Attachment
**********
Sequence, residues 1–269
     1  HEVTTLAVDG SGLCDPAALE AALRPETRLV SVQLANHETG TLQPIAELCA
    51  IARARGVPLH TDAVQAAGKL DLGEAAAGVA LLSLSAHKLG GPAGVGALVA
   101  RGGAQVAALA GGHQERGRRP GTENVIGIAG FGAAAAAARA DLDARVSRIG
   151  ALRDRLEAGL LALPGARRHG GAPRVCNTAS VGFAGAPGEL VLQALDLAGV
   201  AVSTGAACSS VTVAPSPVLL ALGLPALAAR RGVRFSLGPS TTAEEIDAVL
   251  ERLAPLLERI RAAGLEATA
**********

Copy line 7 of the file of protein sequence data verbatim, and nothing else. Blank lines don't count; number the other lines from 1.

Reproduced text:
   251  ERLAPLLERI RAAGLEATA